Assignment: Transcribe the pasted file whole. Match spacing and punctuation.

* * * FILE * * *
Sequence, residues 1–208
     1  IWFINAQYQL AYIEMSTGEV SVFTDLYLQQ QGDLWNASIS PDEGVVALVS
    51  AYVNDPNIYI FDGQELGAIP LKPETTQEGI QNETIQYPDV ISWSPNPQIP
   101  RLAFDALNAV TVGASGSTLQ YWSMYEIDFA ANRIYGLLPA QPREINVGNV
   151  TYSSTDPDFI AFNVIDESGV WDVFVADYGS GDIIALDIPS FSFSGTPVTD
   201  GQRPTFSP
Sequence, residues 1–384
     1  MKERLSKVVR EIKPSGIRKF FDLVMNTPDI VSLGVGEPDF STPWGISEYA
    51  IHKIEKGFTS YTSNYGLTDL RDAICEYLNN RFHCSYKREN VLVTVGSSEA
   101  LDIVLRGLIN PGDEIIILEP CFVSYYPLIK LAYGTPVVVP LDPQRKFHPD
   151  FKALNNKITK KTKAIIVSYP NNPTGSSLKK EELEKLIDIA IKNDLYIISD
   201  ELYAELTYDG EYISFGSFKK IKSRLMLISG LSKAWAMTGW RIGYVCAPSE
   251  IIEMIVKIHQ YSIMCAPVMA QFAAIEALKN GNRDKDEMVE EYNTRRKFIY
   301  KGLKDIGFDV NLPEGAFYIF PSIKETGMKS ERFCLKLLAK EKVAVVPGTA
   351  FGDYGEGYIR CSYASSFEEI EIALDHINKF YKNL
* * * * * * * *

Sequence, residues 1–208
     1  IWFINAQYQL AYIEMSTGEV SVFTDLYLQQ QGDLWNASIS PDEGVVALVS
    51  AYVNDPNIYI FDGQELGAIP LKPETTQEGI QNETIQYPDV ISWSPNPQIP
   101  RLAFDALNAV TVGASGSTLQ YWSMYEIDFA ANRIYGLLPA QPREINVGNV
   151  TYSSTDPDFI AFNVIDESGV WDVFVADYGS GDIIALDIPS FSFSGTPVTD
   201  GQRPTFSP
Sequence, residues 1–384
     1  MKERLSKVVR EIKPSGIRKF FDLVMNTPDI VSLGVGEPDF STPWGISEYA
    51  IHKIEKGFTS YTSNYGLTDL RDAICEYLNN RFHCSYKREN VLVTVGSSEA
   101  LDIVLRGLIN PGDEIIILEP CFVSYYPLIK LAYGTPVVVP LDPQRKFHPD
   151  FKALNNKITK KTKAIIVSYP NNPTGSSLKK EELEKLIDIA IKNDLYIISD
   201  ELYAELTYDG EYISFGSFKK IKSRLMLISG LSKAWAMTGW RIGYVCAPSE
   251  IIEMIVKIHQ YSIMCAPVMA QFAAIEALKN GNRDKDEMVE EYNTRRKFIY
   301  KGLKDIGFDV NLPEGAFYIF PSIKETGMKS ERFCLKLLAK EKVAVVPGTA
   351  FGDYGEGYIR CSYASSFEEI EIALDHINKF YKNL